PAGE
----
“As in February, the best collective judgement of the MPC remained that, given the prospect of excess demand over the forecast period, an ongoing tightening of monetary policy over the forecast period would be appropriate to return inflation sustainably to its target at a more conventional horizon.”

In simpler terms, the BOE has a hiking bias overall. And in a March 23 speech, BOE Member Gertjan Vlieghe even suggested that:

“The current central outlook is, in my view, consistent with one or two quarter-point rate increases per year over the forecast period.”

And going back to the minutes of the March 22 meeting, we get this nugget:

“The May forecast round would enable the Committee to undertake a fuller assessment of the underlying momentum in the economy, the degree of slack remaining and the extent of domestic inflationary pressures.”

In other words, the BOE is open to the possibility of a rate hike by May, assuming economic conditions continue to evolve as expected (or better).

Of course, the BOE also expressed some concern about Brexit when it noted that:

“Developments regarding the United Kingdom’s withdrawal from the European Union – and in particular the reaction of households, businesses and asset prices to them – remain the most significant influence on, and source of uncertainty about, the economic outlook.”

Still, the BOE Financial Policy Committee (FPC) noted in their latest statement that “The UK banking system could continue to support the real economy through a disorderly Brexit.”

The European Central Bank (ECB)

  • ECB maintained its current monetary policy
  • However, easing bias on QE program was removed
  • Even so, ECB stressed that monetary policy is “reactive
  • Not confident that rise in inflation is sustainable
  • Euro’s relative strength “might weigh on inflation down the line

The ECB maintained its current monetary policy during the March 8 ECB Statement.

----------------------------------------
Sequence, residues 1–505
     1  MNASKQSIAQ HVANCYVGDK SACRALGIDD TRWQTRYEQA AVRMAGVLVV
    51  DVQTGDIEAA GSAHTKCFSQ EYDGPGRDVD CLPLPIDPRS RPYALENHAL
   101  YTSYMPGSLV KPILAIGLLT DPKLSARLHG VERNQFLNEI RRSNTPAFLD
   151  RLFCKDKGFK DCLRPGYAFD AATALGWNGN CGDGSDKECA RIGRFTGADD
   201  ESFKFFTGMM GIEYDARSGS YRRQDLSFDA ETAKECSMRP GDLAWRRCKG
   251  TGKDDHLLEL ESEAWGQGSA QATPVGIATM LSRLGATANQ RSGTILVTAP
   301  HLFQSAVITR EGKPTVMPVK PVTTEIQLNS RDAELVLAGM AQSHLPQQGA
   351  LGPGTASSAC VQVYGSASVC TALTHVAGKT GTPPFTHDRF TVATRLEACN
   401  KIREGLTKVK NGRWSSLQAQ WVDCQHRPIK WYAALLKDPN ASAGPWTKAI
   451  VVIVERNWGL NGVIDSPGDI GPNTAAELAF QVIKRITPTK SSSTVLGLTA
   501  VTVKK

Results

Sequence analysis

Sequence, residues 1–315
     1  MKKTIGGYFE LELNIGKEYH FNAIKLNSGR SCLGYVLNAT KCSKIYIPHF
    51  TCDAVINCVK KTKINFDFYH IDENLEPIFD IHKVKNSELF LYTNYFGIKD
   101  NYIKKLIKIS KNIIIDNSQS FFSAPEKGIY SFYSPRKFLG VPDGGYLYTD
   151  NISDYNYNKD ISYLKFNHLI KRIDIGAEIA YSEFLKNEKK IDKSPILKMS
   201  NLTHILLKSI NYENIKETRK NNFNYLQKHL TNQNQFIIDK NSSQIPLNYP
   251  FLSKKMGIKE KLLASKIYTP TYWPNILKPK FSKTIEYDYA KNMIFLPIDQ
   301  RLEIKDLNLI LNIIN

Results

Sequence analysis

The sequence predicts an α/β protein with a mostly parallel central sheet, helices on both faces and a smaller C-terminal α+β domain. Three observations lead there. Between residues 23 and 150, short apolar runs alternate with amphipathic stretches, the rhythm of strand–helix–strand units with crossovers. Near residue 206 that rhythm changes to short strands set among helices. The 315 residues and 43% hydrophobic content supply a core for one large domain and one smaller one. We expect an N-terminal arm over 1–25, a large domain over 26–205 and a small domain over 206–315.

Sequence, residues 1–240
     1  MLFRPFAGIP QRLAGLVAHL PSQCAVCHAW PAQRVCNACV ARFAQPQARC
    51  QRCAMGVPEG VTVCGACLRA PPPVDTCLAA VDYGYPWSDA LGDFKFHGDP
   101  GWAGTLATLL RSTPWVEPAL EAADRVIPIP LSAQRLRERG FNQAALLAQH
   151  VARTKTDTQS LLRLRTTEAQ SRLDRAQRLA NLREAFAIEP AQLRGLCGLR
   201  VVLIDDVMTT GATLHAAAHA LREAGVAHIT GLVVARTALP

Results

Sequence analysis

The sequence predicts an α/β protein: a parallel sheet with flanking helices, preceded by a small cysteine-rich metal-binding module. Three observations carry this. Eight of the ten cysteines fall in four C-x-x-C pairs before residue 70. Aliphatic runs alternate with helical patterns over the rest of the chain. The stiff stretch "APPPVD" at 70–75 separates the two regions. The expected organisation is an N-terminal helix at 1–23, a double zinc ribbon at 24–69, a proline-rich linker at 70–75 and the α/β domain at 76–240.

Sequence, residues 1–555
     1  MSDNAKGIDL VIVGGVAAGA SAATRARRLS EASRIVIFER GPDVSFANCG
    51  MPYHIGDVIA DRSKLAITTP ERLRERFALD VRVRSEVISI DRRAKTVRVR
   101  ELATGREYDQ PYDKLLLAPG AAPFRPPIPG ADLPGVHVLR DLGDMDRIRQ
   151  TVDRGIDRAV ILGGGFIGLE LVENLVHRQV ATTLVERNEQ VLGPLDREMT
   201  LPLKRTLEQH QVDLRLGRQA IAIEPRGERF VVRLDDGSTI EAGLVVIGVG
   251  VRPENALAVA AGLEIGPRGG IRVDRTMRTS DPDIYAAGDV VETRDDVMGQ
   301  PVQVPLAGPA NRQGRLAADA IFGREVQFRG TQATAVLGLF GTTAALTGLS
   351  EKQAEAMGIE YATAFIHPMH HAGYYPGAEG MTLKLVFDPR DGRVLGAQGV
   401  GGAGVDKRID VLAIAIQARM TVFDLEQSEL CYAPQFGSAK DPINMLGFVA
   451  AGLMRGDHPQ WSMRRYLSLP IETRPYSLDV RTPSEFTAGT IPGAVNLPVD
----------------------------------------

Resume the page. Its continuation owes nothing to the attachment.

To be more specific, the refinancing rate is still at 0.00%, the marginal lending rate is unchanged at 0.25%, the deposit rate is steady at -0.40%, and the ECB’s extended asset purchase or QE program is maintained at a monthly pace of €30 billion until September 2018.

However, the ECB also removed its easing bias on its QE program, which is a hawkish move.

Even so, the ECB tried to present a more neutral message by emphasizing that monetary policy is “reactive” which implies that the ECB is ready and willing to shift back to an easing bias if economic conditions deteriorate.

In his presser, ECB President Mario Draghi explained that the ECB is taking a cautious stance because “measures of underlying inflation remain subdued and have yet to show convincing signs of a sustained upward trend.”

Draghi repeated this message again during his March 14 speech when he said that:

“[W]e [the ECB] still need to see further evidence that inflation dynamics are moving in the right direction. So monetary policy will remain patient, persistent and prudent.”

And while Draghi didn’t explicitly talk down the euro during the ECB presser, he was more direct and had this to say during his March 14 speech:

“The euro has appreciated since the beginning of last year, and according to our analysis, this has recently been driven more by exogenous factors … This might weigh on inflation down the line as it does not fully arise from stronger euro area fundamentals.”

Also, it’s worth noting that other top ECB officials, such as Benoit Coeuré, Jan Smets, Yves Mersch, Peter Praet, and Erkki Liikanen, have been backing Draghi’s cautious stance.